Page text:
Monday, January 28, 2008

The Economy Is Fine (Really): Dow 15,000 Likely

hammertime.gif

"It is hard to imagine any time in history when such rampant pessimism about the economy has existed with so little evidence of serious trouble."

~Brian Wesbury, chief economist for First Trust Portfolios, writing in today's WSJ

Goldilocks rocks!

11 Comments:

At 1/28/2008 11:51 AM, Anonymous Anonymous said...

When was the last time that your government or big business told you that the economy was going down the tubes?

Maybe people are looking back to news stories like Warning that war could plunge world into deep recession from November 2002 or Recession odds seen rising if war drags on from March 20, 2003.

From the first article "The effect of war on world oil prices could be devastating. George Perry, an analyst with the Brookings Institute in Washington, has drawn up three scenarios, the middle one of which suggests a tripling of prices to $75 a barrel. That would almost certainly push the world into recession."

The last article warned that robust capital spending was needed for growth in non-farm payrolls.

I wonder if that was the real reason for cheap and criminally easy to obtain loans.

 
At 1/28/2008 12:03 PM, Anonymous Anonymous said...

To Anonymous 11:51 AM.

Some people are now calling these recessionary times the "Iraq Recession."

 
At 1/28/2008 1:45 PM, Anonymous Anonymous said...

While some large cap companies may benefit from the dollar currency devaluation such as mining, oil, agricultural as money flows into those sector as and inflation hedge. Companies with mostly US sales will be decimated. 12500 on the DOW will provide formidable resistance with the most like path down as as commodity price skyrocket putting pressure on input cost. DOW 1100 before 15000 is the most likely path.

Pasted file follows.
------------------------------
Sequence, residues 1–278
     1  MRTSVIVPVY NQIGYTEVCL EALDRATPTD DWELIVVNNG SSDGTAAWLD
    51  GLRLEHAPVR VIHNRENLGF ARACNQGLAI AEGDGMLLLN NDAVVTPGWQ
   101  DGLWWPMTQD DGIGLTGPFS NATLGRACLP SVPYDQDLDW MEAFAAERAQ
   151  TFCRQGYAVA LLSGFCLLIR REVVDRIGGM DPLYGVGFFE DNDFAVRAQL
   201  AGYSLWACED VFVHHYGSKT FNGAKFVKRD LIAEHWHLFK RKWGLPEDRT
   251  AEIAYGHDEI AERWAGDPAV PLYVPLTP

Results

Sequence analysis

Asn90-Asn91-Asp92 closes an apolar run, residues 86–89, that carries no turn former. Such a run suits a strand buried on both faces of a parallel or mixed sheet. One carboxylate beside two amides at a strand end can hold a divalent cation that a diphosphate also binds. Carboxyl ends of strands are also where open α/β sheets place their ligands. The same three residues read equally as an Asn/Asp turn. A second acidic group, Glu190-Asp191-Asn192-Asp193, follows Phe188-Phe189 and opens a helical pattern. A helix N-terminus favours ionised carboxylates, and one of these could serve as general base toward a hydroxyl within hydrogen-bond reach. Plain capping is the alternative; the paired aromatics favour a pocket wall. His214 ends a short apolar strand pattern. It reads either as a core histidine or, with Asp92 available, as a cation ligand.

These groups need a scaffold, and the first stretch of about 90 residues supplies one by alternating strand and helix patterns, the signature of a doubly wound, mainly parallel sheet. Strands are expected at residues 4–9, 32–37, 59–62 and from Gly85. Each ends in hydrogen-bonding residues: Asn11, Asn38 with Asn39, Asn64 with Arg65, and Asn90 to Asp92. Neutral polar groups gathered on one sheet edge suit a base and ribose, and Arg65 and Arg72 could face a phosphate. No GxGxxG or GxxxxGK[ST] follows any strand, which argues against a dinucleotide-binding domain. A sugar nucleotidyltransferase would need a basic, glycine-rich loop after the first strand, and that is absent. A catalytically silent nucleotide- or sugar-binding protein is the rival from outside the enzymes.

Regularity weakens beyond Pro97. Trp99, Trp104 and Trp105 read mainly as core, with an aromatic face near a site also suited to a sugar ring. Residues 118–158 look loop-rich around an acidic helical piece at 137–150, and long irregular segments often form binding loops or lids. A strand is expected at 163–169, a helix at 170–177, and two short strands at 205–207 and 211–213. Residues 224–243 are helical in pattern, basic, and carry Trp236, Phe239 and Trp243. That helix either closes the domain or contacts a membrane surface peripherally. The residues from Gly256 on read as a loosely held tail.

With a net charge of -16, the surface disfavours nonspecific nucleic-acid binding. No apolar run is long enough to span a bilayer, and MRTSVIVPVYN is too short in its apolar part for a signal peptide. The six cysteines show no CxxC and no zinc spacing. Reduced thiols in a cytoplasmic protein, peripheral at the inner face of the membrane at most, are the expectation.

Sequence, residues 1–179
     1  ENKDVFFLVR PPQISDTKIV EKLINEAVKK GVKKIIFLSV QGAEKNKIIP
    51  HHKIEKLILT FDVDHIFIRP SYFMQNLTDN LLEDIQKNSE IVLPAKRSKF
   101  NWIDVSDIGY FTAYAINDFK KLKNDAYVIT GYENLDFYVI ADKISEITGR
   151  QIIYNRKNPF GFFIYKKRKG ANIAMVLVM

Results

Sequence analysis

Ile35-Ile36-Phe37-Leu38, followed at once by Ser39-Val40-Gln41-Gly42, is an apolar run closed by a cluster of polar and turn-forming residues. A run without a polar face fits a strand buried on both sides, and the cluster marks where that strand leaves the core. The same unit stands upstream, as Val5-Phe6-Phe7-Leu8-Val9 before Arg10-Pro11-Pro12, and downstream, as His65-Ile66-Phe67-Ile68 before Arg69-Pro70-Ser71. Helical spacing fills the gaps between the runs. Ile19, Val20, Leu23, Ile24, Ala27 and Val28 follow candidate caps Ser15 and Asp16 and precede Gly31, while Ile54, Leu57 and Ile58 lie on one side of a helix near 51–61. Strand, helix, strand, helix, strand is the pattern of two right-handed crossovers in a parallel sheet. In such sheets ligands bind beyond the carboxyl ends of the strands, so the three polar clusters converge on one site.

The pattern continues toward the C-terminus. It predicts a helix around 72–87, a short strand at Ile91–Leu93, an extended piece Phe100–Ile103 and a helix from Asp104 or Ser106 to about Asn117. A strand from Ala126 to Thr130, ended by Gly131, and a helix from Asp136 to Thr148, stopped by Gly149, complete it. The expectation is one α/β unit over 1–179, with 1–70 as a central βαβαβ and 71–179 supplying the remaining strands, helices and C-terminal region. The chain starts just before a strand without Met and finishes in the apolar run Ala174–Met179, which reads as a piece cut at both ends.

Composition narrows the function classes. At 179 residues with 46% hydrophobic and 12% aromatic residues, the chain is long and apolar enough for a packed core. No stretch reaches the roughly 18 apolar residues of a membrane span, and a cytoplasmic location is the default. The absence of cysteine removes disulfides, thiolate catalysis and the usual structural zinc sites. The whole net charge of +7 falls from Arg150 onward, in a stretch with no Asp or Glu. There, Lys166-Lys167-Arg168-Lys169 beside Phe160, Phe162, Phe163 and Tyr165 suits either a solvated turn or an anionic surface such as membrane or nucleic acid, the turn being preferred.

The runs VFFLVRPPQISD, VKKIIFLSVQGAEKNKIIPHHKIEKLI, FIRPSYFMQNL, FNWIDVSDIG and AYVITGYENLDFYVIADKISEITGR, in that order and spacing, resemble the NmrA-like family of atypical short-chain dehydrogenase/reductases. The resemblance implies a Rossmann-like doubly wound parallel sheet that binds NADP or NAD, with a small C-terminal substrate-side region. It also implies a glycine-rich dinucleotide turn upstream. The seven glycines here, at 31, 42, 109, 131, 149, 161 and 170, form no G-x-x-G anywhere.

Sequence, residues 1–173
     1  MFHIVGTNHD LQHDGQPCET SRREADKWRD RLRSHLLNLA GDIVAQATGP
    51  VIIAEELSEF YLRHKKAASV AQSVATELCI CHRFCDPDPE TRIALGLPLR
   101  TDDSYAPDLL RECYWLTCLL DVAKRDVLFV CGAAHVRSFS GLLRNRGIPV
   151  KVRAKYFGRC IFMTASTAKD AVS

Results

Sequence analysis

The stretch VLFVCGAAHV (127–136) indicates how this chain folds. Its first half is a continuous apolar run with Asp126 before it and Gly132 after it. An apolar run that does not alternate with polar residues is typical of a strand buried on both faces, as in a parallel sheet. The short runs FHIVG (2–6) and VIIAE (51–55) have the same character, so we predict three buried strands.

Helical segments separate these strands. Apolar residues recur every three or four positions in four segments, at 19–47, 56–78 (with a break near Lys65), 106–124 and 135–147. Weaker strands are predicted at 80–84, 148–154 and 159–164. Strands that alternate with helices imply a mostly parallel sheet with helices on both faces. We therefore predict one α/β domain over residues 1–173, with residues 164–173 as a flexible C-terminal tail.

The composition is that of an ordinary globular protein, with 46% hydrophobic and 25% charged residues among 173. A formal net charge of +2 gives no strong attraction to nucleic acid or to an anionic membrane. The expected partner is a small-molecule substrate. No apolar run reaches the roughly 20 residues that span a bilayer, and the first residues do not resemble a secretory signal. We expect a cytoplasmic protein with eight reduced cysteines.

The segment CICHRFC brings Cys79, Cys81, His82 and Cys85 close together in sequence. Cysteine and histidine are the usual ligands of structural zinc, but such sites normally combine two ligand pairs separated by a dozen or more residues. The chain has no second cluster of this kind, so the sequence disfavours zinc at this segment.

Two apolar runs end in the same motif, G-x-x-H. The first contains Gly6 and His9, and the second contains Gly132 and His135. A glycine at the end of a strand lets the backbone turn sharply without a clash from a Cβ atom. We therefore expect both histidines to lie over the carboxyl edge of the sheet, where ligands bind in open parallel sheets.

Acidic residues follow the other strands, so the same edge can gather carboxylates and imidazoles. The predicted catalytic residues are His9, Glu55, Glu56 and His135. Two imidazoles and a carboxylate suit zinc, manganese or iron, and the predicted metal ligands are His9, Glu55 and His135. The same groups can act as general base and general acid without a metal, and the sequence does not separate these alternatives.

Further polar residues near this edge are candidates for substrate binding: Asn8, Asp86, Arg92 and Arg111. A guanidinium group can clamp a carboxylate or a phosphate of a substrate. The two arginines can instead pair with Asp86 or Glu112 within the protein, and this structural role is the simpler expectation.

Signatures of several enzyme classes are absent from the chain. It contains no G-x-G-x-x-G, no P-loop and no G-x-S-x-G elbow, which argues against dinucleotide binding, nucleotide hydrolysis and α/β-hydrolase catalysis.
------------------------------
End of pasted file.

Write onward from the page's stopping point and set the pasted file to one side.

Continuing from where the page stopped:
At 1/28/2008 1:59 PM, Anonymous Fred said...

How bad is the economy?

That depends...

How much do you hate George Bush?

 
At 1/28/2008 2:18 PM, Anonymous Anonymous said...

From todays New York Times

Sales of new homes fell last year by 26 percent, the steepest drop since records began in 1963, the Commerce Department said on Monday.

Last week, the National Association of Realtors reported that sales of previously owned single-family homes, a large portion of the overall housing market, suffered their biggest annual drop in 25 years.

Prices have also fallen sharply. In December, the median price of a new home fell to $219,200, down 10 percent from December 2006.


In light of these figures Wall St. anticipates another Fed Rate reduction this week and the Dow is up about 1%, oil is down and gold is up.

Goldilocks.

LOL

 
At 1/28/2008 2:49 PM, Anonymous Anonymous said...

MC Hammer's latest move: To teach hot dance moves at www.dancejam.com.

 
At 1/28/2008 3:15 PM, Anonymous Anonymous said...

The economy must be really fine if Chrysler is offering buyouts of up to $100,000 each to hourly workers at 12 of its Detroit-area facilities as part of its November plan to eliminate up to 10,000 unionized jobs.

 
At 1/28/2008 3:27 PM, Anonymous Anonymous said...